When we submitted our rough cuts for what is now Season 3 of our Handcrafted Manitoba series, we received an email from MTS TV Executive Producer Cam Bennett:

“This is wonderful work. Each episode was like a tonic or a meditation. We sat silently and happily, consuming every frame. Your storytelling now seems the equal of your impressive technical toolkit. Skillfully, you’ve drawn from each person the most wonderful, thoughtful, and unique confessionals. Thanks for reminding me what it is we’re supposed to be doing here.”

Given that Cam is someone we respect immensely, one of the most accomplished documentary directors in the province, and represents the broadcaster, the words had some weight and felt pretty darn good for us to hear.

For almost four years now, we’ve thrown ourselves into this life experiment of Ice River Films we chosen for ourselves. I don’t think we knew what we were getting ourselves into. We still don’t to tell you the truth. What we had back then was a desire to tell meaningful stories, pushing ourselves to get better along the way. It seems we’ve done that. Given that the Handcrafted Manitoba series was the first project we sank our teeth into when we started, I’d like to think it gives a unique window into how far we’ve come.

It’s hard to see one’s own growth when buried beneath a heavy workload amid the pressure of broadcaster deadlines. We spent all winter working on our first hour-long documentary (A Life on the Line) and through spring and summer we were in full post-production mode on it. That meant we had three months to make Handcrafted Manitoba Season 3 at the same time. That’s 85 minutes of content due to broadcasters for August 31, no small feat for our operation.

So, we strapped ourselves in for the ride, sponging the knowledge and experiences of each artist. Through it all, we managed to channel these nuanced stories of four very different people, each one creative and living life in his own original way. Here’s a quick breakdown of the episodes:

Given that Cam is someone we respect immensely, one of the most accomplished documentary directors in the province, and represents the broadcaster, the words had some weight and felt pretty darn good for us to hear.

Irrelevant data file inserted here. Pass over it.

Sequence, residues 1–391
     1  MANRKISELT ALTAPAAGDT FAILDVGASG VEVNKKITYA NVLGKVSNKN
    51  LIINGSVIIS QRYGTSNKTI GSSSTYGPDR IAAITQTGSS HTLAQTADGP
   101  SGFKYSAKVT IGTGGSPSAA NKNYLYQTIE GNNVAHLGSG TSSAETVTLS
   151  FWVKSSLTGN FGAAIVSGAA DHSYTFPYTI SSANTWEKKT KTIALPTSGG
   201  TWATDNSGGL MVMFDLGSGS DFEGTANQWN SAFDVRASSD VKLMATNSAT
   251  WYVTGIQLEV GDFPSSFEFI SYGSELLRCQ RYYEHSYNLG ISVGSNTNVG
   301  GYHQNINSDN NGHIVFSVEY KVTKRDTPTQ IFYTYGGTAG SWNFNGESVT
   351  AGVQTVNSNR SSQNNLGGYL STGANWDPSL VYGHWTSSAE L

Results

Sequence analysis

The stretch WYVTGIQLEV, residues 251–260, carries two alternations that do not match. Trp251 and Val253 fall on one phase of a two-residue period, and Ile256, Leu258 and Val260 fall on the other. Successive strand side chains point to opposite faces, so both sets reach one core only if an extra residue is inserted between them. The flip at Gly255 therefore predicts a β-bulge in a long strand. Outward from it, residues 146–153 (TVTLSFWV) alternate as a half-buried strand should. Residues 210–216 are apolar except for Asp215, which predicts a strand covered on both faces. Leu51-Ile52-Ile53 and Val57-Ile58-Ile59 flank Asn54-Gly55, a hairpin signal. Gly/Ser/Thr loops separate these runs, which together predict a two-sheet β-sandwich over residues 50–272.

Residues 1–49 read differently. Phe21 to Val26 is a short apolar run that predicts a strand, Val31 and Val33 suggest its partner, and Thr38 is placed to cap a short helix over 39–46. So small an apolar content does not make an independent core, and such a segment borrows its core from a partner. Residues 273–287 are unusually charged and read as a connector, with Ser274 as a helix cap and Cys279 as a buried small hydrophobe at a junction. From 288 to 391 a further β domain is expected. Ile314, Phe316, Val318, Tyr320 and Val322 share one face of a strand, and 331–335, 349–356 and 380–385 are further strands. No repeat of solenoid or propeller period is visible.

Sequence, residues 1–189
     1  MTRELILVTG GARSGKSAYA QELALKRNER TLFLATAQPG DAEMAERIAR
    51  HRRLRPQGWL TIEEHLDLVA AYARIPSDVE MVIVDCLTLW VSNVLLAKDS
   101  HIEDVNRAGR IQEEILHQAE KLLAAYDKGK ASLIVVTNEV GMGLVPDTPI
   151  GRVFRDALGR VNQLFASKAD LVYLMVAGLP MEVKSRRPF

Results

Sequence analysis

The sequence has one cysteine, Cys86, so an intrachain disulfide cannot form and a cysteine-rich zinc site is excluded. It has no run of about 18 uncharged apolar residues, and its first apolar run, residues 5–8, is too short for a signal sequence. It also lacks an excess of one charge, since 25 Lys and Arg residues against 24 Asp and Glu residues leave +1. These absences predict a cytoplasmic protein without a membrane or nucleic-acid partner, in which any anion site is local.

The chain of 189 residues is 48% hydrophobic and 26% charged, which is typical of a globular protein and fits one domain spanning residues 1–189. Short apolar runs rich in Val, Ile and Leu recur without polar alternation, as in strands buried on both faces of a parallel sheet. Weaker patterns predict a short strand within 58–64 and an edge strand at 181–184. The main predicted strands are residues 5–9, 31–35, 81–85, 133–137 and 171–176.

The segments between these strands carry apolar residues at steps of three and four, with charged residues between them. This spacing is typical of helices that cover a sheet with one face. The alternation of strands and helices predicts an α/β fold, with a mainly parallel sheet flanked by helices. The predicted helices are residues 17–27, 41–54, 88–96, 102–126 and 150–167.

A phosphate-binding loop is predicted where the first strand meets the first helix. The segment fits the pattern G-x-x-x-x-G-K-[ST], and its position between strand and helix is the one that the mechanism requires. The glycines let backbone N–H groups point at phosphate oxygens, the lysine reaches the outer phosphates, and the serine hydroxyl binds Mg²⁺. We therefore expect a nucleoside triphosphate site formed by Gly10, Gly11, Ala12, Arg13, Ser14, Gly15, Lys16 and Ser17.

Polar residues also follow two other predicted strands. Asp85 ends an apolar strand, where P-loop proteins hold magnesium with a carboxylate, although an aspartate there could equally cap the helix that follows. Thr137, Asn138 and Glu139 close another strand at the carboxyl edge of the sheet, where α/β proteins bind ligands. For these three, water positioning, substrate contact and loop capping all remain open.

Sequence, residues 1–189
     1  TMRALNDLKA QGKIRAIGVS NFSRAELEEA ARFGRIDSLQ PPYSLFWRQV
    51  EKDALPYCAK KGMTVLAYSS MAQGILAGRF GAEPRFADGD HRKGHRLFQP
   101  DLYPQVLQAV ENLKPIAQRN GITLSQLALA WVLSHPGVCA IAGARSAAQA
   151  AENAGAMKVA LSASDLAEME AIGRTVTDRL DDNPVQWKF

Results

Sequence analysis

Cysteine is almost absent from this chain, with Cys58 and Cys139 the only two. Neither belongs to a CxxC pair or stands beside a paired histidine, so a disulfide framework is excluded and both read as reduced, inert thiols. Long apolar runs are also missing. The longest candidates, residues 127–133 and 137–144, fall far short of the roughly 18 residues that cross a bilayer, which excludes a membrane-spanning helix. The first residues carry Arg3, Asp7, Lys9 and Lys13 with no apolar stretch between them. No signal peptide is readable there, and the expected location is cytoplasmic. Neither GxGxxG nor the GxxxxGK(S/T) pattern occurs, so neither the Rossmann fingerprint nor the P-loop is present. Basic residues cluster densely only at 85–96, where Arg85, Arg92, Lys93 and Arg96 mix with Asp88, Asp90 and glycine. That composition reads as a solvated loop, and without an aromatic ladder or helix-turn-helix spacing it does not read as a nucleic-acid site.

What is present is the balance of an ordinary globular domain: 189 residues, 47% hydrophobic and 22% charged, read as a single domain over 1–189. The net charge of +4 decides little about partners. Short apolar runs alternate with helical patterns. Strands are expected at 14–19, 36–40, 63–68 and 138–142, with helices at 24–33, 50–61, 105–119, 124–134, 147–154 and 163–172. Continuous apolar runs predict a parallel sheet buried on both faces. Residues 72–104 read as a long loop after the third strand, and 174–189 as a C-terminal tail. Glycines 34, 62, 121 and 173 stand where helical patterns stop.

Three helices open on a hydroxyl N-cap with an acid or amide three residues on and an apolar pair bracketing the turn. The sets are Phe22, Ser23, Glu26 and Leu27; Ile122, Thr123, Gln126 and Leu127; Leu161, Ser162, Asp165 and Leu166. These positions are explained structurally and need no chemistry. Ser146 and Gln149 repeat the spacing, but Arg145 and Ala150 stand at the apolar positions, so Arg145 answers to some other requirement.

For almost four years now, we’ve thrown ourselves into this life experiment of Ice River Films we chosen for ourselves. I don’t think we knew what we were getting ourselves into. We still don’t to tell you the truth. What we had back then was a desire to tell meaningful stories, pushing ourselves to get better along the way. It seems we’ve done that. Given that the Handcrafted Manitoba series was the first project we sank our teeth into when we started, I’d like to think it gives a unique window into how far we’ve come.

It’s hard to see one’s own growth when buried beneath a heavy workload amid the pressure of broadcaster deadlines. We spent all winter working on our first hour-long documentary (A Life on the Line) and through spring and summer we were in full post-production mode on it. That meant we had three months to make Handcrafted Manitoba Season 3 at the same time. That’s 85 minutes of content due to broadcasters for August 31, no small feat for our operation.

So, we strapped ourselves in for the ride, sponging the knowledge and experiences of each artist. Through it all, we managed to channel these nuanced stories of four very different people, each one creative and living life in his own original way. Here’s a quick breakdown of the episodes:

Episode 1 - One of the innovators of the modern glass art movement, Warren Carther creates on a massive scale in public spaces.

Warren Cartier Handcrafted Manitoba

Episode 2 - A man who literally marches to the beat of his own drums, Guy Anthony, is a tailor and custom upholster specializing in custom motorcycle seats.

Robert Freynet Handcrafted Manitoba

Episode 3 - Graphic novelist and painter Robert Freynet brings Southern Manitoba history to life, from books to massive murals.

Robert Freynet Handcrafted Manitoba

Episode 4 - We weave our way through the mind of multi-disciplinary creator Nereo Eugenio through his poetry and creative process as he brings his work into being.

Nereo Handcrafted Manitoba

For each of the previous two season, it was a two-man show to make this series happen with Sam Karney and myself (Andrew Wiens) wearing multiple hats throughout. This time, we tapped our friend and colleague Rudy Gauer to handle editing duties. It made for an impressive team effort. We’re extremely proud of Handcrafted Manitoba Season 3. It feels like this is some of the best work we’ve ever done, and I think it finally hit us when we got that email from Cam.

We’re grateful to each artists who took time out of their busy schedules to share their stories with us – Warren, Guy, Robert and Nereo – and to Cam Bennett and Kim Bell from MTS TV who have given us a lifeline through their program enabling us to grow as filmmakers and into the business of Ice River Films. Who knows what the future holds for our beloved Handcrafted series. If it’s the last of them, we know that we’re leaving it on a high note.

Andrew Wiens
Ice River Films Inc.